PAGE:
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  9. An Editor’s Invitation: Eating

An Editor’s Invitation: Eating

Dear Pulse readers,
My mother used to make me finish everything on my plate.
That may not seem so terrible to many people, but I was pretty scrawny as a child, didn’t have a big appetite, and the list of foods I disliked or absolutely detested was long and included:

  • asparagus
  • cauliflower
  • broccoli
  • mushrooms
  • beets
  • spinach
  • Brussels sprouts
  • liver
  • any fish that had a bone in it
Long after my parents and older brother had finished eating and left the table, dinnertime would often find me sitting there alone, forlornly stirring the vegetable du jour.
My early relationship with food was different from someone who grows up with scarcity–my wife, for instance, who wasn’t poor, but who had to compete with two hungry brothers for the modest quantities their mom laid out.
If there’s a thread that runs through many households, it’s parents trying to manage their children’s eating. In my practice, I’ve had parents who want to limit their children’s intake, and I’ve had parents who are convinced that their children will perish unless they stuff food into them.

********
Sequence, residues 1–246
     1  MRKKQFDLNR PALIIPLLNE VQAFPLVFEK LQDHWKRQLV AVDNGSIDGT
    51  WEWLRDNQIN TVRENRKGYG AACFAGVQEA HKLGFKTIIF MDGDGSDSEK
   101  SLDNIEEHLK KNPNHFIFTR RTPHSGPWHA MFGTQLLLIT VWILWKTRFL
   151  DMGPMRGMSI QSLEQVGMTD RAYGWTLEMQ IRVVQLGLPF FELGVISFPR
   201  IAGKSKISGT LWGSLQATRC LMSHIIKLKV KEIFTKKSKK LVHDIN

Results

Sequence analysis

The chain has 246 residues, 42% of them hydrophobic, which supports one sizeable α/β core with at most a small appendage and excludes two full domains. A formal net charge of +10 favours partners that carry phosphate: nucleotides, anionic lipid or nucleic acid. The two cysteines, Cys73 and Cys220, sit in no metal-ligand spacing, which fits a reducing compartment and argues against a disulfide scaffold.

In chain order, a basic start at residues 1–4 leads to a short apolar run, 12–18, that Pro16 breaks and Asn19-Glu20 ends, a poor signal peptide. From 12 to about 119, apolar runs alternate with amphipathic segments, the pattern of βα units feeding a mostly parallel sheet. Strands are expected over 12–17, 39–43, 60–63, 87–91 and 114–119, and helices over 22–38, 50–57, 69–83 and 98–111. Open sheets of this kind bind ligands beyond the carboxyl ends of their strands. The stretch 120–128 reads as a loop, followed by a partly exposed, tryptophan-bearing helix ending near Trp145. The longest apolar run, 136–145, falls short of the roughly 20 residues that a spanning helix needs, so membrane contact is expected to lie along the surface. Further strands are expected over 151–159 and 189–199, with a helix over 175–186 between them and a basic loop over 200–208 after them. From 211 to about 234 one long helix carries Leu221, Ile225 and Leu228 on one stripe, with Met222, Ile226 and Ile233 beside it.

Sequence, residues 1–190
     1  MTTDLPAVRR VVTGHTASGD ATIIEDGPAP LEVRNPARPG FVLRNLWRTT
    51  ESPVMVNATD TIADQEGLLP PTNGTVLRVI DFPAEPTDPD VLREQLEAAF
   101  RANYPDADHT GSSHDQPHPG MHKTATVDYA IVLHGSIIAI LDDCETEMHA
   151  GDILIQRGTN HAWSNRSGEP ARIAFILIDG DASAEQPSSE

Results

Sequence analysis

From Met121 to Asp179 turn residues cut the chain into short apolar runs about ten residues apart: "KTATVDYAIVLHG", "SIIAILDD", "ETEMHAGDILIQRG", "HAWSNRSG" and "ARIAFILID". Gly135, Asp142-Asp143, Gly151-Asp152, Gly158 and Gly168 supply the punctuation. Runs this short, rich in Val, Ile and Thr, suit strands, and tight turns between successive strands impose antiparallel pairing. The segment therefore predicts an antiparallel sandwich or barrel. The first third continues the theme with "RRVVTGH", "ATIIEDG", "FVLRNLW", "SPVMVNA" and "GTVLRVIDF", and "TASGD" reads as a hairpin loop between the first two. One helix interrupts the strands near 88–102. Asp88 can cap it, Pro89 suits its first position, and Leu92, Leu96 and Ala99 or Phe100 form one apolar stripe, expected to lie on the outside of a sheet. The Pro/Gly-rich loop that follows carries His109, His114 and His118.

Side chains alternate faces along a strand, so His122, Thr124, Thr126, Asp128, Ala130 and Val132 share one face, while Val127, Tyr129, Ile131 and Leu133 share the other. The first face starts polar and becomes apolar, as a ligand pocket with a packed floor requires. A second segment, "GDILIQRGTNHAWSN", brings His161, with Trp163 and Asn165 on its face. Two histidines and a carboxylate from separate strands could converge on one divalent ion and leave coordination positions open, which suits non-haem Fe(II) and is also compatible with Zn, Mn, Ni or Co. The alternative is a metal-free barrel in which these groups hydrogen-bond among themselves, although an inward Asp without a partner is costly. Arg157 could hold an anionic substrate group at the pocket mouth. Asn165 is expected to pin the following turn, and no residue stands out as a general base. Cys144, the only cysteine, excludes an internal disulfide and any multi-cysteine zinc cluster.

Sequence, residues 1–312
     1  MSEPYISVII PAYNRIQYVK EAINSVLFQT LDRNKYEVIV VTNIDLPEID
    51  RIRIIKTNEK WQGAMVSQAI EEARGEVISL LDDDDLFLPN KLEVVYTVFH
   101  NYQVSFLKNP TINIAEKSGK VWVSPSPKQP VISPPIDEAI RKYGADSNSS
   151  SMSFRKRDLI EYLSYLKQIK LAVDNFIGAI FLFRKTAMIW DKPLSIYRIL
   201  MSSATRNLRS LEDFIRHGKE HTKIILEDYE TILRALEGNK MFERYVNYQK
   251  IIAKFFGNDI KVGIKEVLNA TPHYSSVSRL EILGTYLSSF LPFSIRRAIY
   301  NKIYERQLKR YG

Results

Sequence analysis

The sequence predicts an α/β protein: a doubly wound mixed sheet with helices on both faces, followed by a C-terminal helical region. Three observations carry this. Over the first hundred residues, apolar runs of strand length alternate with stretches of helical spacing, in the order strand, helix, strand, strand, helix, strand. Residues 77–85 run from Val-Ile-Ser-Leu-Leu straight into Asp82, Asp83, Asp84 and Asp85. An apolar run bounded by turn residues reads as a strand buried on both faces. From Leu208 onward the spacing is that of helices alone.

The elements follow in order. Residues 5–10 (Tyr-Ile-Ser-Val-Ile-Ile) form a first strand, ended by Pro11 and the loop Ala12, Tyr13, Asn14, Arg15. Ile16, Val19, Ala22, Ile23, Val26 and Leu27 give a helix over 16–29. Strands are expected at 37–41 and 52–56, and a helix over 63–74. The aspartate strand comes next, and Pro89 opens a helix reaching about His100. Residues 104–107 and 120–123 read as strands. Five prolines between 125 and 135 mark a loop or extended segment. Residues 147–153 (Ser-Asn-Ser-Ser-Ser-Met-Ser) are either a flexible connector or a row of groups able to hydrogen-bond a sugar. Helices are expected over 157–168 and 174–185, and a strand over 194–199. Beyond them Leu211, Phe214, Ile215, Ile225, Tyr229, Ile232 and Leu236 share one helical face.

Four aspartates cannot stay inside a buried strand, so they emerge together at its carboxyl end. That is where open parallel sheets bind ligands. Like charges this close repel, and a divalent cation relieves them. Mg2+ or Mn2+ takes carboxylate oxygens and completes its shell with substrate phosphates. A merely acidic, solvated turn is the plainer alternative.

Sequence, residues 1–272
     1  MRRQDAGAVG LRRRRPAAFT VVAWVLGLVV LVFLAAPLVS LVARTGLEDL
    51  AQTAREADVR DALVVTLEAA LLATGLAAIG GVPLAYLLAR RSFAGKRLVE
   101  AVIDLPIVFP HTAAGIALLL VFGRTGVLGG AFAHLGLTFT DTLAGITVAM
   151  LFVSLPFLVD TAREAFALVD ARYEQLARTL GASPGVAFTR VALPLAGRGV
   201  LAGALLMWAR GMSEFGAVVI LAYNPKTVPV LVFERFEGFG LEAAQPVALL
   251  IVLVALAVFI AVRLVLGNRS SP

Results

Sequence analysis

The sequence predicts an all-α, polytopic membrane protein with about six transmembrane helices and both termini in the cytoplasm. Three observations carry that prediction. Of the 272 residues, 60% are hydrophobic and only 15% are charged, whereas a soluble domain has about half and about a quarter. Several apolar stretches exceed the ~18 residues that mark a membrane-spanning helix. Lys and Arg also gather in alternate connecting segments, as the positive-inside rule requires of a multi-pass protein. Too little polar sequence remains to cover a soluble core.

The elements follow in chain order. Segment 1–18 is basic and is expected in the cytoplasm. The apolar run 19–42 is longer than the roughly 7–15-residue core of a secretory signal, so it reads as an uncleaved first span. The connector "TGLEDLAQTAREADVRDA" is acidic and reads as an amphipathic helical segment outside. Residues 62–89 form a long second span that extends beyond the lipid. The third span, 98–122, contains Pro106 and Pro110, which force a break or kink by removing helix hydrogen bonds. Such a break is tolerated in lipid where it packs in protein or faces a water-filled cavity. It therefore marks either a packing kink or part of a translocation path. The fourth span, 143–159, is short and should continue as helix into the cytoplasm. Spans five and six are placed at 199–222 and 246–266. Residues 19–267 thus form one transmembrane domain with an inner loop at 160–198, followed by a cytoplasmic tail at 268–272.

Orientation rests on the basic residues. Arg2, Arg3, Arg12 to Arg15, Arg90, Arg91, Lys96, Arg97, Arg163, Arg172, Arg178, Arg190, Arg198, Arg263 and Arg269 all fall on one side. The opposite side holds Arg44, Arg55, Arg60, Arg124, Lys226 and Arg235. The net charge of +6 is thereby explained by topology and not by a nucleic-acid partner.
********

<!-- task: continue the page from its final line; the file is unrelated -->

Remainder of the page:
With all parents, I share the advice that New York Times health and nutrition writer Jane Brody offers: The parent’s job is to decide what gets served, and the child’s job is to decide how much to eat. Pretty simple–and respectful of a child’s need to listen to their own body telling them when they’re full.
A lot of the food advice I give revolves around diabetes. As I myself have type 1 diabetes, I’m pretty familiar with what foods will send my sugars through the roof. (White rice is the worst.) I used to encourage patients with adult-onset diabetes to lose weight, but now I focus mainly on carbs and sweet drinks. “Eat lots of vegetables,” I say. “Eat fruit. Beans. Dairy. Nuts. Seeds. And if you’re going to eat rice, try basmati rice. It’s delicious, and it’s kinder to your blood sugar.”
Our relationship with eating and food is complex, and offering advice about same is fraught. One person who did have a big impact on my eating was the author Isaac Bashevis Singer, who became a vegetarian in his seventies. When asked why, he said, “I did not become a vegetarian for my health, I did it for the health of the chickens.”
What about you? What’s your relationship with eating? Have you ever offered advice to others about their eating? How’s that gone?
Send us your lived experience. And while you’re at it, take a look at last month’s theme: Gratitude.
For more details, visit More Voices FAQs–or go directly to the More Voices Submission Form.
Remember, your health-related story should be 40-400 words. And no poetry, please.
We look forward to hearing from you.
With warm regards,
Paul Gross


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